‘Shut your mouth, c*@t’: Bikie daughter’s stab charge
The daughter of a bikie sergeant-at-arms told a former friend to shut up or she would stab her again after a vicious daylight attack on a Marsden street.
Jodie Tumeth, 43, plunged a letter opener into her former girlfriend's chest so hard the force caused the victim to fall on the ground, Beenleigh District Court was told.
"You better shut your mouth, c*#t, or I'll stab you again,'' the court was told Tumeth screamed at her victim.
"I'll stab you again bitch, I'm not done with you c*#t.''
Tumeth's barrister, Cecilia Bernardin, told the court her client had had a shocking upbringing and became addicted to heroin aged 14 after her older sister introduced her to the drug.
Her father was a senior bikie and she attended 20 schools as her father, a truckie, moved around so much.
She had a string of drug-related offences, Ms Bernardin said.
But Tumeth had kicked heroin after her sister died from an overdosed and had tried drug detox courses and was seeing a psychiatrist for bipolar disorder.
The court heard the incident, at Birch St on March 23, after the victim made a "black power'' salute at Tumeth as she drove past.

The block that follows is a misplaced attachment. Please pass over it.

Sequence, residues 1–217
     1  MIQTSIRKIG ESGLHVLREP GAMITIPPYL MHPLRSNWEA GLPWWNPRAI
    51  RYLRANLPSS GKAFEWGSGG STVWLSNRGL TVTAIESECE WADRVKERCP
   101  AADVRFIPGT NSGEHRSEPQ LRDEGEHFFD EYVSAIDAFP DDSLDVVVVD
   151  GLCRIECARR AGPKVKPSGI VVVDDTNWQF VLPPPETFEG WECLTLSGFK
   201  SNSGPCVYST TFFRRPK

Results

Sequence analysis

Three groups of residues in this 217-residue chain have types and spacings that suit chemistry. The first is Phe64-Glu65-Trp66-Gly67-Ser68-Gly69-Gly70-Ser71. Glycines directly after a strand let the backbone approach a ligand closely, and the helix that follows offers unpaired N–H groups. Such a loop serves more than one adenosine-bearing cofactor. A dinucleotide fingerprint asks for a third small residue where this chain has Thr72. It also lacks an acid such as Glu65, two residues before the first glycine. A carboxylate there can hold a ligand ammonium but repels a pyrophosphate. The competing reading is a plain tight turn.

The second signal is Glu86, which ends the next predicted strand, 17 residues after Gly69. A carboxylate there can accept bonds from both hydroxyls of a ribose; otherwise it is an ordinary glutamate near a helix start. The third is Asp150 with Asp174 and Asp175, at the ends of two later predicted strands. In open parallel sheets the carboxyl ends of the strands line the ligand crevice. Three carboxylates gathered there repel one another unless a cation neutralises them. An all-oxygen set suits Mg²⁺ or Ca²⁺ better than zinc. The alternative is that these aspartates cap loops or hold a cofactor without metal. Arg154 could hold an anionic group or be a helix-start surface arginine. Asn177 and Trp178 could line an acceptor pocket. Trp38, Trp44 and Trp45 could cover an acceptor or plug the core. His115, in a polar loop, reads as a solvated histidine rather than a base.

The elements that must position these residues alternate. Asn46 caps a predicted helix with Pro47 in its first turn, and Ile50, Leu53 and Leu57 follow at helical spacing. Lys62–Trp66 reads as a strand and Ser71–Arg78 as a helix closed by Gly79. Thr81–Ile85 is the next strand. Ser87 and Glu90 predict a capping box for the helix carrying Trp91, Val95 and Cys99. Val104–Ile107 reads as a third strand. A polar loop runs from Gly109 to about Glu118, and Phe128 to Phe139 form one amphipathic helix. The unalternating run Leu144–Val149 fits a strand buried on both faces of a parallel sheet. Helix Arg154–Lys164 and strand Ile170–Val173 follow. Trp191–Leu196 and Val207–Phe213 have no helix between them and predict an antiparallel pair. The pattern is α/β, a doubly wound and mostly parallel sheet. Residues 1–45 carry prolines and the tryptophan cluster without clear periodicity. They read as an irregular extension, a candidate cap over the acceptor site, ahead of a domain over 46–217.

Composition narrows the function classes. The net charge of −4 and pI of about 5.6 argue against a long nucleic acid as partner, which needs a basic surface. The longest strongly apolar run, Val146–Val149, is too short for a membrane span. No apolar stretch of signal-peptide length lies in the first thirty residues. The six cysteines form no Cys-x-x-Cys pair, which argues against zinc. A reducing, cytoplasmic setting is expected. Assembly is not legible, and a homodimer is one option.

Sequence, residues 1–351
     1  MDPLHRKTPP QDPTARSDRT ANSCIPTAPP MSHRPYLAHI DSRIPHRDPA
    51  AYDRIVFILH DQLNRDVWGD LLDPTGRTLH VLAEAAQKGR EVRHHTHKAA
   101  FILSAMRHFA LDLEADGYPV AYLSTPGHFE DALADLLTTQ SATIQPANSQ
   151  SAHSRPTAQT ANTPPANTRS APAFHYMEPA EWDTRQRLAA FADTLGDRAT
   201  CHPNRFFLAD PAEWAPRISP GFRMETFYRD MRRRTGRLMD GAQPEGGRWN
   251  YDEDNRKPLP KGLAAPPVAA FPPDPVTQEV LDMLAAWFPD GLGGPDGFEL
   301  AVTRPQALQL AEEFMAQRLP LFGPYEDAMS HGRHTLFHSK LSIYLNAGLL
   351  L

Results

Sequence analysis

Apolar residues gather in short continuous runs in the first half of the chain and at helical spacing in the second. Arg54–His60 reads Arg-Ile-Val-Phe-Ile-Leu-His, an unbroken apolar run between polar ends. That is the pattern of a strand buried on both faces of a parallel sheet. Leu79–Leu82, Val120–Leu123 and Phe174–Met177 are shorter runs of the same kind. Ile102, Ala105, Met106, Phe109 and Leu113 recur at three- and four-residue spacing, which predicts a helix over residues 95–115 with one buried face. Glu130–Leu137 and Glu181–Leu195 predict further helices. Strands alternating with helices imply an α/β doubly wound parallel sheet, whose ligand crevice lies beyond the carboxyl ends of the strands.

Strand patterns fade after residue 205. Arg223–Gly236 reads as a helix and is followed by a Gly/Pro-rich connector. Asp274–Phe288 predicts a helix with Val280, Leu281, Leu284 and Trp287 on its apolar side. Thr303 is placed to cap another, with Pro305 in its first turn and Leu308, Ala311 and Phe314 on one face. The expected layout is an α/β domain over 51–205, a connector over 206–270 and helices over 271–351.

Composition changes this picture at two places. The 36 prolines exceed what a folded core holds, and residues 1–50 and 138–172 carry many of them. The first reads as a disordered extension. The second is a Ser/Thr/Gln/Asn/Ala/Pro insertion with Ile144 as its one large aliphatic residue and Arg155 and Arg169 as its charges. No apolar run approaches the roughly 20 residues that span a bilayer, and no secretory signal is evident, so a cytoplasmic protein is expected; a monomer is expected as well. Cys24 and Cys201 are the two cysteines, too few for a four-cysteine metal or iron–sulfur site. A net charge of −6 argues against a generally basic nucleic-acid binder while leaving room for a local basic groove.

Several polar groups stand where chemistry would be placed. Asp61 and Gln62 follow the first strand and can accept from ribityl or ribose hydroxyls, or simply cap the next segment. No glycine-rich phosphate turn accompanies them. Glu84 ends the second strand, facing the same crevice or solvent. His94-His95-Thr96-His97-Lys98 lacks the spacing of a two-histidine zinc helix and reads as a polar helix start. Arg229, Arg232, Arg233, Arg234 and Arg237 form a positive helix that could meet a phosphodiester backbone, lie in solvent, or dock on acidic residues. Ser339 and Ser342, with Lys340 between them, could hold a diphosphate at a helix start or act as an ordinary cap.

Tumeth stopped, got out of her car and confronted the victim.
After a short argument the victim punched Tumeth in the head and she drove off, but returned five minutes later with a flick knife, the court was told.
The victim was taken to Princess Alexandra Hospital and released the same day for a 3cm-long stab wound to her chest.
Prosecutor Jean-Paul D'Aleo told the court the blow could have been fatal, but luckily the knife hit the sternum.
He asked for a three-year prison sentence, with actual jail time, pointing out that the stabbing occurred in broad daylight and was premeditated in that Tumeth had driven off before returning to stab her victim.
When Ms Bernardin put to the court that the her client used the knife as a letter opener, Judge Craig Chowdhury interjected, saying: "Most people don't open letters in their cars.''
Ms Bernardin said her client had not worked for 17 years as she was a carer for her partner,who had stage four liver disease, but had previously worked in hospitality including as a barmaid at the Rebels bikie gang clubhouse.
"That would have been an eye opener,'' Mr Chowdhury said.
He took into account Tumeth's terrible upbringing, her attempts to get off drugs and the fact she had only one minor criminal charge, for cannabis possession, in the past decade.
He also took into account that the injury was not serious, but acknowledged it could have been far worse.
"Stabbing in the chest is always dangerous. Luckily it was a tough part of the chest,'' he said.
"You just can't go around settling disputes with knives, it could end in a fatality.''
He imposed a two-year prison sentence for the single charge of unlawful wounding, with immediate parole release, and recorded a conviction, before warning a tearful Tumeth that she faced jail if she offended again.
Originally published as 'Shut your mouth, c*@t': Bikie daughter's stab charge